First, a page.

11. You should never use a color your hate.
 B. False

12. Color theory is
 B. A theory that works up to a point. C. 

color outside the wheel.indd_Page_01As a gift to my students. I’ve packaged up this class in an ebook you can enjoy and work with at home. Thanks for being such good students. And go color off the wheel. You can download it at issuu.com or click the picture for a link.

Next week I’m exploring the new box of Inn Fuse that Innovative Craft sent me so I can do a demo for them. And, of course, for you

Thread Magic Summer School: Color Outside the Wheel Pop Quiz

Saturday, August 17th, 2013

893 for the bees pleaselFor the last week I’ve talked about color, not just in terms of color wheel but what we do with our color choice past the wheel. My hope for you is that you’ve come away with new thoughts about how you might choose color, play with color and color way outside the lines and outside the wheel. I hope it makes you try colors you love, colors you hate and colors you just don’t know yet. I hope it makes you braver and bolder. And I hope you show us all.

Here is your test. You don’t need to pass it on to me. I’ll put the key in to tomorow’s post, with my Summer School gift to you. I’ve put together a free ebook from what we’ve studied here. I hope to have it posted up tomorrow.

Name: Class: Saturday, August 17, Total Possible Marks: 12 Test  

1. Color cast is
A. Made of plaster
B. Dark or light
C. whether colors lean towards the sun or the shade.

2. The color wheel is
A. a pretty chart.
B. everything we know about color.
C. a map of color relationships.
3. Differences in value
A. help us sort things visually
B. are scary
C. make things look muddy

4. We all recognize the same color names
A. True
B. False

5. Color temperature is about
A. Warm and cool colors
B. Color cast
C. Both

6. Color theory works the same for mixing colors as picking colors.
A. True
B. False

7. All blues are the same.
A. True
B. False

8. Everyone sees color the same way
A. True
B. False

1
9. Differences in hues are
A. differences in intensity
B. differences in light and dark
C. differences in colors

10. Contrast
A. Should be kept to a minimum
B. Is only for hues
C. Pops out the figure from the ground

11. You should never use a color your hate.
A. True
B. False

12. Color theory is
A. A scientific fact.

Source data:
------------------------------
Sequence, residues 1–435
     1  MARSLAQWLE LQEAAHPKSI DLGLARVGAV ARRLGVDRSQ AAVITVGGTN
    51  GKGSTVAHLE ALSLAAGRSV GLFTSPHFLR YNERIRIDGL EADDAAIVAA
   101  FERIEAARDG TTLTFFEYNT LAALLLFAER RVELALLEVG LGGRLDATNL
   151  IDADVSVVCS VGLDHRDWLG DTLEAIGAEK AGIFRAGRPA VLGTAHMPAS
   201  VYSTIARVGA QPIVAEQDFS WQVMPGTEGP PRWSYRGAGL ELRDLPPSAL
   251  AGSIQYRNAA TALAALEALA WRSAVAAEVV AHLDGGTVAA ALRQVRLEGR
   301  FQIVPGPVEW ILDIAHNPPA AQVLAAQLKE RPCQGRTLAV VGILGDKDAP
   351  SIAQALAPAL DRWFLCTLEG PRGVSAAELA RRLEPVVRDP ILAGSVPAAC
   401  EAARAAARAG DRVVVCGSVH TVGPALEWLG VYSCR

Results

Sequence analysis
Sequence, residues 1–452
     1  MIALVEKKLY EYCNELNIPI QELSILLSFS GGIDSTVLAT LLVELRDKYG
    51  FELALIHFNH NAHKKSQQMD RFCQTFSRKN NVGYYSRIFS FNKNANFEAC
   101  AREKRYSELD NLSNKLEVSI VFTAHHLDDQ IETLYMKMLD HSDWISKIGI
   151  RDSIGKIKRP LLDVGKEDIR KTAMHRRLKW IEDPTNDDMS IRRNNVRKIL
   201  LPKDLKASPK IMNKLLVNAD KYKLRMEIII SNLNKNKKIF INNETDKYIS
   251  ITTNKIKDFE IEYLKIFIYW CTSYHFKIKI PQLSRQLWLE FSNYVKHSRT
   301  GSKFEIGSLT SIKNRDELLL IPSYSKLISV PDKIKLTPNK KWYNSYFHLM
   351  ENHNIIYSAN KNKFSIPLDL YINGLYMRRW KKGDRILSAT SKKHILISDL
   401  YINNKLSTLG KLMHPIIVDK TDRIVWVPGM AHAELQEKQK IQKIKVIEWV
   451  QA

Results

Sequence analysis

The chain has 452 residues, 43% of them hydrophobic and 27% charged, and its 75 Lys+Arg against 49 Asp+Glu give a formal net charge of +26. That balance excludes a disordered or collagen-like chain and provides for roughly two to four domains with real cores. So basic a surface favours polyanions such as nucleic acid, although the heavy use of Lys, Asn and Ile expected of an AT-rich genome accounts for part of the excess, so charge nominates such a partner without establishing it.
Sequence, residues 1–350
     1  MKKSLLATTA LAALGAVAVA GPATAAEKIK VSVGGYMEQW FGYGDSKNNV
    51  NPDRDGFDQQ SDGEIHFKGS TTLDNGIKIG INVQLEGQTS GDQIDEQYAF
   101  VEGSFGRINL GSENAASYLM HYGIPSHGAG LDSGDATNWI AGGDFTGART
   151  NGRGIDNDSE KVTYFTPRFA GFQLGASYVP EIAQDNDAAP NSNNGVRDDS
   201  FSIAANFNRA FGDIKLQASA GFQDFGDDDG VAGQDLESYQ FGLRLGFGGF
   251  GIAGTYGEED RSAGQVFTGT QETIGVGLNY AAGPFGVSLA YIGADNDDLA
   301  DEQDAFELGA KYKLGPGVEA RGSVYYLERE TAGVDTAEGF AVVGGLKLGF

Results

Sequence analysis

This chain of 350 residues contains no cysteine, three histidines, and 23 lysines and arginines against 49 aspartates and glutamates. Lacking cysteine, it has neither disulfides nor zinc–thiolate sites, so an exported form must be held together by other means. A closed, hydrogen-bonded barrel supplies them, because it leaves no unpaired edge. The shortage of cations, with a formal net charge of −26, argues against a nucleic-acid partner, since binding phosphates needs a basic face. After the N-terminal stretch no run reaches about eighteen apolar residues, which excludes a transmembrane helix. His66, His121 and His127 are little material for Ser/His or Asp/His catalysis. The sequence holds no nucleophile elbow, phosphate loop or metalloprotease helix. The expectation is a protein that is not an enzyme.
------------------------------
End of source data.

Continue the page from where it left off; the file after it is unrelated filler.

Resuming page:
B. A theory that works up to a point.
C. A Victorian concei

Your real test isn’t here. The real test is when you pick your next colors. Choose something marvelous.

Thread MagicSummer School: Color Mixing vs. Color Picking

Friday, August 16th, 2013


672 Willow lEven though we’ve been looking at dyers and painters, we’ve been exploring color combinations. We’ve learned that the most exciting combinations offer us contrasts either in hue, tone, temperature or cast. Those contrasts help define our figure and separate it from the background. That separation gives the mind and the eye a way into a composition, a way to make immediate visual sense of what is going on.

All that falls to the ground when we start mixing colors.

 dye cupswI’ve always let the dye houses mix my colors for me. They do a much better job, and I’m constitutionally the right person to do it. It would assume I could measure something. That hasn’t happened since 1969.

But once you put one dye color on top of another color, you’ve mixed them, planned or not. And that same excitement that happens with contrasts in color combinations is instantly blended into a brown of some sort.

I know a lot of unhappy dyers. Unless you really like brown, this is a downer.

 

color picking

Picking primaries

 

Mixing from Primaries

Mixing from Primaries

 

 

 

Willow is an example of a great deal of purposeful mud. I love the browns in her, and dyed them largely from complements.

 

 

759 Blossoms in Moonlight detailThread Color is about picking rather than mixing. So the color choice rules apply. Brown is enriched in this bunny with greens,burgundies, teals, oranges, purples and olive greens, all complements but separate because each is a separate thread. The eye blends them in your mind, but their separation holds the colors true and bright.

Ellen Anne Eddy's Dye Day Workbook cover front for web tnIf you want more information about color mixing you’ll find it in my book

 

 

 

Dye Day Workbook, available in print on Amazon.com or on my web site.

It’s available as an PDF on my Etsy store Raid My Fabric Stash

 

 joans refrigerator

On our Refrigerator today, we have Joan Davis, an amazing Hawaiian quilter who’s work reflects the beauty of the island. You’ll find more of her amazing work on her facebook page at https://www.facebook.com/joan.davis

 

 

 

 

 

This slideshow requires JavaScript.

This is our last day of Thread Magic Summer School. Tomorrow there will be a test. It is only a test.